Still, Martínez remains optimistic and describes her family as “poor in money but rich in love.” With plans to attend high school next year, she wants to keep working in film.
Involving Men, Too
More recently, Drori expanded Granada Filmmakers to include young men in the program, too.
It was through this class offered to men that Julio Ramírez became involved. Now the technical assistant to Drori, “Saint Julio” – as she calls him – has a knack for fixing anything, even a tape that Drori’s puppy had chewed on.
The 23-year-old Ramírez, living independently from his parents, says his one-year involvement with the film school has made him “more confident than before.” Ramírez says his planned trip to the United States with Drori, visa pending, will allow him to present the videos of the filmmakers and look for support to keep the program going.
Cash-Strapped, but Determined
Drori, who is returning to the United States in August to fundraise and teach a film course at the Minneapolis College of Art and Design, admits that running the film school is a full-time job that is sapping her personal resources.
“I’m broke,” she said, adding that over the past four years she has “spent thousands a year that I don’t have to keep it going.”
Unfortunately, the cash-strapped school will have to go on a hiatus until December when Drori returns. She hopes to raise enough money to keep the school going and eventually hand it over entirely to a Nicaraguan protégé.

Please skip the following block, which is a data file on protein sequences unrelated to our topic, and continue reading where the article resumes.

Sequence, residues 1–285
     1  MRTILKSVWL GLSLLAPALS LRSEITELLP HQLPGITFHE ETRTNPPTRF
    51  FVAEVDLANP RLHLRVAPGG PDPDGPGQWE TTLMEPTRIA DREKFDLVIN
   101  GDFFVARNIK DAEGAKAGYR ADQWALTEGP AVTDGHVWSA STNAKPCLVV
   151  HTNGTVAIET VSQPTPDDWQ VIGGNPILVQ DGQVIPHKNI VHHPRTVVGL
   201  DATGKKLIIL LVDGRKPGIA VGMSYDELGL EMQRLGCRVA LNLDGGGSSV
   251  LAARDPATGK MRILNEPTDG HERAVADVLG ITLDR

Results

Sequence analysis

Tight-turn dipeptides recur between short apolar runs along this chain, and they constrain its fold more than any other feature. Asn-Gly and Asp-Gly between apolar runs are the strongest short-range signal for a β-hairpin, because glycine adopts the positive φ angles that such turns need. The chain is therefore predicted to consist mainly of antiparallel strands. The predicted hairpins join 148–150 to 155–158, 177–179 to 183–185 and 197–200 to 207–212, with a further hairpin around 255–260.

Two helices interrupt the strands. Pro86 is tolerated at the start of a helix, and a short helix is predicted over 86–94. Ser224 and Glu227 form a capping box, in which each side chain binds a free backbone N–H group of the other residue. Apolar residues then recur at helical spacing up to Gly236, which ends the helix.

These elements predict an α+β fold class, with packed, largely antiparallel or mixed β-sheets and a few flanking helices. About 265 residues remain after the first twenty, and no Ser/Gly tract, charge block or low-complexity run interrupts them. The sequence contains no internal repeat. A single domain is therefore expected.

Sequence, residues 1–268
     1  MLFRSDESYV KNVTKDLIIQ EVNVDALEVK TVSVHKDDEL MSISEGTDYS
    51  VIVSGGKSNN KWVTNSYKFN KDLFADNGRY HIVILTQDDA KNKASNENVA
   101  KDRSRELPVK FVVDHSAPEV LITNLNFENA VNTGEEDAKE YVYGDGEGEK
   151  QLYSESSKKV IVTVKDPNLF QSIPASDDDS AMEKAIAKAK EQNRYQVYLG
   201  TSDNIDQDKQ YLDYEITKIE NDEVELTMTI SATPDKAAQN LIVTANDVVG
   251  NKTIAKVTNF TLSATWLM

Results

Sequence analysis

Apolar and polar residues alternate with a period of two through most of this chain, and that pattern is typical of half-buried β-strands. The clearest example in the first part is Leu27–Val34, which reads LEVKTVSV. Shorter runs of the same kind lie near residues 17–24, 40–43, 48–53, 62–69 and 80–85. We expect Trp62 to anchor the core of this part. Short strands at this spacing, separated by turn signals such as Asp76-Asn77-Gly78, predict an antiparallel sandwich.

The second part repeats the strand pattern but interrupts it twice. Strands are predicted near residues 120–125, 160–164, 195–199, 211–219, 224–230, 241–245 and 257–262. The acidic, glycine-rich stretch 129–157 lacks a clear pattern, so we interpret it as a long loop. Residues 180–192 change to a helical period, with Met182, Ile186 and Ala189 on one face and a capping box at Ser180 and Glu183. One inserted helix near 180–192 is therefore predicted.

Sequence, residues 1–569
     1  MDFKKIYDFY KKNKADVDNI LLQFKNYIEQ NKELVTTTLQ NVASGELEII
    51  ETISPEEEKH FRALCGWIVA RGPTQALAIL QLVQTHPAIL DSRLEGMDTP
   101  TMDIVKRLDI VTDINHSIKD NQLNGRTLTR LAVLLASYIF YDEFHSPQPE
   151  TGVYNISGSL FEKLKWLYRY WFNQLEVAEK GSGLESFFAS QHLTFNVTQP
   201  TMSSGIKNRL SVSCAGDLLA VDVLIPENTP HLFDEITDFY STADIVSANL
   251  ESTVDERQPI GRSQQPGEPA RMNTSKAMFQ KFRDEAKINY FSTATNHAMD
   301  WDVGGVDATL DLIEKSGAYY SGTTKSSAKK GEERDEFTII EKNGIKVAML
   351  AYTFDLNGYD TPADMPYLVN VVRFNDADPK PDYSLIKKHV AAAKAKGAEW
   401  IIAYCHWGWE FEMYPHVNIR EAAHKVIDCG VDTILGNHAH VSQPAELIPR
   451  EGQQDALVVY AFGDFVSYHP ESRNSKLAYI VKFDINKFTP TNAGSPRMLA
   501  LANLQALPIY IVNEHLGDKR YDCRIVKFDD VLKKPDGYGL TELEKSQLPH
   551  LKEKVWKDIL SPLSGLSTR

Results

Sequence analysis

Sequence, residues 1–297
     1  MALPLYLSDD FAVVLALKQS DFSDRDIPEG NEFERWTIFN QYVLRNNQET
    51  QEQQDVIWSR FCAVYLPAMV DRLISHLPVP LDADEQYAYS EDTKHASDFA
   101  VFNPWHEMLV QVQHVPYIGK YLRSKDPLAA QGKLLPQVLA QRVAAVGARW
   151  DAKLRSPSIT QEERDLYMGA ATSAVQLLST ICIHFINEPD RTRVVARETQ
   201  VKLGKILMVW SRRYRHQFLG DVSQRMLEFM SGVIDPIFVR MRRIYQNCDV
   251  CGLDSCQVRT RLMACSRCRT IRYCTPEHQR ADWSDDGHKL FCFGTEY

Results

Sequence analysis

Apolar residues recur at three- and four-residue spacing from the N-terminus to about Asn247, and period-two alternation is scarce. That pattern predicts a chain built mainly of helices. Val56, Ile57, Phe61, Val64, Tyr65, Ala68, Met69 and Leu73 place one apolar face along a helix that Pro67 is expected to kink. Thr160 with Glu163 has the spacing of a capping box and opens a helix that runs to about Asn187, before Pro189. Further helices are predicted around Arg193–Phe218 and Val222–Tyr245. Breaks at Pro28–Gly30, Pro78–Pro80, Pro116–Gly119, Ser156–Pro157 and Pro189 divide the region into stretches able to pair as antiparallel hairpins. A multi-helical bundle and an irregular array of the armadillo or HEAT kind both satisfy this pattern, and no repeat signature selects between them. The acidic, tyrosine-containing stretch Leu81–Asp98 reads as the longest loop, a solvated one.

Drori does not expect all her students to pursue futures in film production, but she makes sure they walk away with business cards, resumes, and a DVD of their work.
In some cases, she helps them make follow-up calls to find work. And there have been some successes. Martínez worked for a bit with a Managua-based production company, and Ramírez is looking forward to his first film project about a veterinary clinic upon his return from the United States.
Drori says film work can be a long, “frustrating” process. But at the screenings, when everyone is applauding and she sees that her students “feel really good about themselves – then it makes it all worthwhile.”
And by placing a video camera in the hands of young women and men and giving them a chance to write a script about the world around them, Drori is helping them take ownership over their lives.
For more information about Granada Filmmakers and how you can help, visit www.cinegranada.org